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Troubles emptying a camera memory card could be because the write-protect tab is toggled, or maybe it's time for a replacement.

My camera is an Agfa Photo DC-302. The memory inside is full but I can't format it because every time I try it writes "card protect." When I connected it to the computer and tried formatting it, it writes "write-protected" and even notifies me of numerous virus alerts. What do I do?

In this excerpt from Answercast #97 I look at ways to erase pictures from a camera memory card and reformat.

Emptying a camera memory card

Well, normally formatting a memory card in a camera is not the way to make more room. The way to make more room is to delete the pictures that are on the camera.

Now of course, before you do that, you want to make sure to copy all of those pictures off to your PC or to wherever you want to store those pictures long term. But normally, you should actually never have to "reformat" a camera's memory card.

Formatting the card

It is available however. It should be an option; and in fact, reformatting it while it's in the camera is probably the best way to do it.

My guess is you have an SD memory card that has a little write protect tab on it - but that should also prevent you from taking anymore pictures so I'm a little confused as to exactly what's going on with the camera itself.

Connecting it to the PC and trying to format it that way is not the way to do it. You don't connect the camera to the PC and then try to reformat the drive that shows up. The only way to do it with the PC would be to actually take the memory card out of the camera and put it into a compatible memory card reader that's on your PC. Then you should be able to format it and make it empty.

Faulty memory card

In that case, if this continues to happen. In other words, if you can't format it even in the camera, I'd actually be really, really tempted to replace the memory card. I'd be really, really tempted to think that there's a problem with the memory card itself and that it's time for it to be replaced.

But like I said, the very first thing you should be doing is copying off all of the pictures from that camera, putting them someplace safe before you go out and try to erase anything.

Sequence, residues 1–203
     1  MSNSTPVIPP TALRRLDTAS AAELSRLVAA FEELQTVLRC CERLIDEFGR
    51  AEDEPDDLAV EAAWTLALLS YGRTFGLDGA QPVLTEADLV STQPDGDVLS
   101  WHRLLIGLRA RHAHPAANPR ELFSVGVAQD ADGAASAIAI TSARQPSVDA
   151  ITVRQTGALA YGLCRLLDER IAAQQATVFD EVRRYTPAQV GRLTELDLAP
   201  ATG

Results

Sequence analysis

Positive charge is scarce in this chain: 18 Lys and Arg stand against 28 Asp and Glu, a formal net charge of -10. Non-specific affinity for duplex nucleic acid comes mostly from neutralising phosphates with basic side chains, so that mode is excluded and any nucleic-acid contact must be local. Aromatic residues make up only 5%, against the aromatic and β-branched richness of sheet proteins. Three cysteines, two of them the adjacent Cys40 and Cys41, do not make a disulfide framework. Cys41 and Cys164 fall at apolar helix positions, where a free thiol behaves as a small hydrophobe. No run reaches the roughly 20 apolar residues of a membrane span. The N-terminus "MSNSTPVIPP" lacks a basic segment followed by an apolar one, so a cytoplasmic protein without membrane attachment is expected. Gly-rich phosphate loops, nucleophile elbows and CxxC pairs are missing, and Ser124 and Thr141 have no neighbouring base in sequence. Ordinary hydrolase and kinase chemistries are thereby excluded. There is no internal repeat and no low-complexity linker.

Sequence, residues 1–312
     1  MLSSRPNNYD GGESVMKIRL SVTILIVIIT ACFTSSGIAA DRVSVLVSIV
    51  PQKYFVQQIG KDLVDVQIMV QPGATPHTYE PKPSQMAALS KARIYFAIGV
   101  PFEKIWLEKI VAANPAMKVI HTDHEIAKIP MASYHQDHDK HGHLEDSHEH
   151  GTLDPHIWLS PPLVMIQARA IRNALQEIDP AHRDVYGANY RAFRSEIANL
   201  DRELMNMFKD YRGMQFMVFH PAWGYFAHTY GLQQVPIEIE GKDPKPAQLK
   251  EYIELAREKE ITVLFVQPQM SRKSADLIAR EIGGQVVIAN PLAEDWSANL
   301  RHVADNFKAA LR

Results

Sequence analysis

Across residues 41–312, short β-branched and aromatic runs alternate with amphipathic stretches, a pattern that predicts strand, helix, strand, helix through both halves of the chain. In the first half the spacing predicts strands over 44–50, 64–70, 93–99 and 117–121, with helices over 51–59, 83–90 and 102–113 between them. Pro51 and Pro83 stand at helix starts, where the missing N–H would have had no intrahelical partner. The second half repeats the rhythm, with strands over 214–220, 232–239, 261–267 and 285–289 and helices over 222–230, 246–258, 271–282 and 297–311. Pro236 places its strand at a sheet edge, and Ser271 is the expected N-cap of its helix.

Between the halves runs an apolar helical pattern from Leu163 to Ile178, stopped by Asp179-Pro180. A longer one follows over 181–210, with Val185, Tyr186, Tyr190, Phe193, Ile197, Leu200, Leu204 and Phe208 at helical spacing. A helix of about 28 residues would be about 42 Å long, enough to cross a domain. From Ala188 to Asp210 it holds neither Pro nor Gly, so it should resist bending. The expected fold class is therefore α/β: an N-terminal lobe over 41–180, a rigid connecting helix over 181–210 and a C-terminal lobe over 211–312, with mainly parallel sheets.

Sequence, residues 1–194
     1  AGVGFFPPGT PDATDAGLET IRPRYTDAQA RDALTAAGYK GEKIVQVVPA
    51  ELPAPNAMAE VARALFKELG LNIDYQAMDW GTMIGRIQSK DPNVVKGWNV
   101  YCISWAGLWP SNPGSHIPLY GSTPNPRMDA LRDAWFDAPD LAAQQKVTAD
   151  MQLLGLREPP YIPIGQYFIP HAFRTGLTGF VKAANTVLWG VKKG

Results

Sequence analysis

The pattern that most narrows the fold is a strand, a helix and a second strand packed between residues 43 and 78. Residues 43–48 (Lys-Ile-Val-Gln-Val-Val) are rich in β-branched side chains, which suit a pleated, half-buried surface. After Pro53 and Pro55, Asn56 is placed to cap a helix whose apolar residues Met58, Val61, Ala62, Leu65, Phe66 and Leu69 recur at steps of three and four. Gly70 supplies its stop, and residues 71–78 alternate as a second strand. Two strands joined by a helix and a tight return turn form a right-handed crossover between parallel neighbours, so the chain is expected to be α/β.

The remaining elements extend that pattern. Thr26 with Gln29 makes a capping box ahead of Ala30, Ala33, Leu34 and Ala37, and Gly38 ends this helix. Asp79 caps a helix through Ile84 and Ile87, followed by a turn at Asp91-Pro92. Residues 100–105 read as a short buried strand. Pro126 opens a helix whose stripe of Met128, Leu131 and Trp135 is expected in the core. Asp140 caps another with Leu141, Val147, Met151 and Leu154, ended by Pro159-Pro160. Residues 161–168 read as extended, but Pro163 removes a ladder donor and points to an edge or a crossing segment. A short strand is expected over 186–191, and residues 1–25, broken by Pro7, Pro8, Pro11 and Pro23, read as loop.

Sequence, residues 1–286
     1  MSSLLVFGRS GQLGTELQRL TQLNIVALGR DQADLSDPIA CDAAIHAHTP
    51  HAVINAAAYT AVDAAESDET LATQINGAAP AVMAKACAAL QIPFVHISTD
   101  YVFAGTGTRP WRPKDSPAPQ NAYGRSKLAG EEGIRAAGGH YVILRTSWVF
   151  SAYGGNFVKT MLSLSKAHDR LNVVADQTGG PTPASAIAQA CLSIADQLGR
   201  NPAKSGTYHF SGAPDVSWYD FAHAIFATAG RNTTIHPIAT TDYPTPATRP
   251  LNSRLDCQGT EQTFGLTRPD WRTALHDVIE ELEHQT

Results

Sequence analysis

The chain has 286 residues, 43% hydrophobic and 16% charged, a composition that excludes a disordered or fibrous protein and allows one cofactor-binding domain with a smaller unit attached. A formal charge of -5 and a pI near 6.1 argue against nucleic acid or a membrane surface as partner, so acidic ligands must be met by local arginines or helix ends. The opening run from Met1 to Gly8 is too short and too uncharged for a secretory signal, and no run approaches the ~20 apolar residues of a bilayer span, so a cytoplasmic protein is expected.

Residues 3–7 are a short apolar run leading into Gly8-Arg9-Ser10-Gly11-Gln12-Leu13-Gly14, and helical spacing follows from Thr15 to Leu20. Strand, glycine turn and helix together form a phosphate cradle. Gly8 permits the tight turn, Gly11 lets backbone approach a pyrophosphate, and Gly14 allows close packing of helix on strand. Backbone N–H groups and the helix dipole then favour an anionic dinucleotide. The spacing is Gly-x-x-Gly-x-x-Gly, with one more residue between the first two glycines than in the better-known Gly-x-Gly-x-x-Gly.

(Transcript lightly edited for readability.)

Article C6342 - March 8, 2013 « »

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Leo Leo A. Notenboom has been playing with computers since he was required to take a programming class in 1976. An 18 year career as a programmer at Microsoft soon followed. After "retiring" in 2001, Leo started Ask Leo! in 2003 as a place for answers to common computer and technical questions. More about Leo.

Not what you needed?

Alex Dow
March 12, 2013 1:11 PM

Be wary about re-formatting your camera's (SD# Memory Card - you may find that itstarts numbering the photos from the start again, ie you could end up with different photos having the same names - UNLESS you take steps to change that situation.

Regarding the Write-Protect Tab on SD Cards, it is very small, "hidden" on/in the left-hand edge, when the label is in the conventional #eye-ball) reading position.

It can be moved to the Protect position all too easily when inserting the card in the cameraa.


Also be careful to distinguish between the memory on the SD Card from a smaller amount actually built-in to most digital cameras.

That internal memory is usually quite small, so will accept only a small quantity of photos.

There is usually a Menu selection to allow copying/moving of such photos on to the SD Card.


Although I and Leo have referred to SD Cards, there are other types - but generally the comments apply to all.

Tom R.
March 12, 2013 5:51 PM

"Connecting it to the PC and trying to format it that way is not the way to do it. You don't connect the camera to the PC and then try to reformat the drive that shows up."

Really? Ooops! I messed up then because I reformatted my camera's SD card through Windows at least once and maybe twice. Oh well, live and learn. Won't do that again. Camera still works great, though. ;-)

Don Gilcrease
March 13, 2013 8:11 AM

If you want to do a total erase of a camera's memory or card, like if you want to eliminate the possibility of anyone recovering deleted pictures, it takes a bit of effort. Delete all the pictures, then take pictures of something like blue sky until the memory/card is full (Nikon's suggested method). If you're really paranoid about it, delete the blue sky pictures and take pictures of a black surface, though I don't know if that would be necessary.

March 13, 2013 5:53 PM


If I were that paranoid, I would simply destroy the card. They're cheap enough to replace.

Or, I'd put it into my computer and use a program like CCleaner to securely wipe the card.

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